Anyway, sometimes, the best way to stiffen one's resolve is to take a good, hard look into the eye of the enemy.

Over at the RIAA web site, their front page boasts control over "90% of all legitimate sound recordings," a possible Freudian indication of their eventual goal. Beyond that, the first link in the middle of the page is to "How much money we're making" (actually entitled "Unit shipment and dollar value charts"), and appears, beneath the surface, to indicate a significant drop in profits during the last five or ten years.

Here's the problem I run into -- why is that information displayed so prominently on their web site, right below their claim to 90% market share? It's certainly not an advertisement for label-seeking artists; who'd want to join up with such a loser?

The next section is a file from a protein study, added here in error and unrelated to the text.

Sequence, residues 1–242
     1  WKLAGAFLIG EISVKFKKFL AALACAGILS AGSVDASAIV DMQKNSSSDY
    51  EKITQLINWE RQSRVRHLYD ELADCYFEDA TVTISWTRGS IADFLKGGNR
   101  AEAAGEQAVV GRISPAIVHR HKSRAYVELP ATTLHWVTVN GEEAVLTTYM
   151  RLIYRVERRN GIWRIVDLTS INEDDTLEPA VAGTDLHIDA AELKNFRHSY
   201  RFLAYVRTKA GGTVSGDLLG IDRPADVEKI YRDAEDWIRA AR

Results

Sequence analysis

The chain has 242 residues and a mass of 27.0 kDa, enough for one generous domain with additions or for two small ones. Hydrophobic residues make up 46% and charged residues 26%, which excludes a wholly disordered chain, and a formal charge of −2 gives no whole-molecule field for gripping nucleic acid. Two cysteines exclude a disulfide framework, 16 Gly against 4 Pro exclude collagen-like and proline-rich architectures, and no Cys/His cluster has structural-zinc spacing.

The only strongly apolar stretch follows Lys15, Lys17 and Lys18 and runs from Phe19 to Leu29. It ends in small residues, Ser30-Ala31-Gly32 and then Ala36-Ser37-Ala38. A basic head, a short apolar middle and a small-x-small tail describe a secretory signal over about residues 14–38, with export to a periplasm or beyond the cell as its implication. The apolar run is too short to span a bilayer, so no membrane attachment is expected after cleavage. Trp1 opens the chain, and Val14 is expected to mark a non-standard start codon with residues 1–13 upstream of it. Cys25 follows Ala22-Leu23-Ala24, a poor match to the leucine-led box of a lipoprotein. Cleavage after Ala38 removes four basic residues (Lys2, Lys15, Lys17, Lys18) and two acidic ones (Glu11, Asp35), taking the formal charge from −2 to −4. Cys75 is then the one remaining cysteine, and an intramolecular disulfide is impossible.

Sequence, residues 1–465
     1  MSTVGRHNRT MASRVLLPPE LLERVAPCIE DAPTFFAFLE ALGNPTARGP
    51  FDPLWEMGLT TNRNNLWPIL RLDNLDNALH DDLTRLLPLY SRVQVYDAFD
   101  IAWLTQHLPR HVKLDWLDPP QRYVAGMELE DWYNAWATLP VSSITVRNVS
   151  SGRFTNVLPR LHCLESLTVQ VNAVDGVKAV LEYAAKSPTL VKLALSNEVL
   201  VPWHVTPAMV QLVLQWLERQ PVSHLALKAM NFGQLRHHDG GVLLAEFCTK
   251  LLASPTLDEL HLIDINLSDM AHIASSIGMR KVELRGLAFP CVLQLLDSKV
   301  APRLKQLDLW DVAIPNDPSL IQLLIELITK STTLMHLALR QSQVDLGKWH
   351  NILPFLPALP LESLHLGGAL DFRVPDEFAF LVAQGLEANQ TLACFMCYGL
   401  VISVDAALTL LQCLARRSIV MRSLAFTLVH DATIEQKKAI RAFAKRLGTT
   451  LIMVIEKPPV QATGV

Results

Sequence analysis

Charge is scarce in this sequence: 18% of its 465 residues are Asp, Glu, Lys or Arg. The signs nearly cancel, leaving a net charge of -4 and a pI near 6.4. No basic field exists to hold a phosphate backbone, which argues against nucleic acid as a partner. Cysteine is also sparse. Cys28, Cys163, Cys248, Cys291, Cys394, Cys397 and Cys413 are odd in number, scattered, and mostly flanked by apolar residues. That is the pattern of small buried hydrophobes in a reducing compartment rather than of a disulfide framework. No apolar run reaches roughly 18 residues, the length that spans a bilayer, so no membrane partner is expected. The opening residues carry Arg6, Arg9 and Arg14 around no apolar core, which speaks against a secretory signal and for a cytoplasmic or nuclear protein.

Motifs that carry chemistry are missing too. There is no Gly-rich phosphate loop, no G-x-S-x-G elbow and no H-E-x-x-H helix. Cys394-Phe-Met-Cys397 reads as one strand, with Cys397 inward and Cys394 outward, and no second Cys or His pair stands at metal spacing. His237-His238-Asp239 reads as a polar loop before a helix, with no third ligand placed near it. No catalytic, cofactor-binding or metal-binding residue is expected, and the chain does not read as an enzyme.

I've developed two conclusions from the above questions. First, in regards to motive, the record industry's major lament these days is a sharp drop in record sales, reportedly due to rampant online piracy. Whether or not the piracy is a debatable point, their motive is clear: "Here's the proof! See? We weren't lying!"

My second conclusion is a bit of a stretch. Displaying reports like this that reflect negatively on the growth of your company is, needless to say, a poor business strategy. There's no sane reason for it, and it's a great way to steer investors away from your company. Advertising them in the middle of the front page on your web site, then, is tantamount to setting yourself on fire in the public theater that is the capitalist marketplace.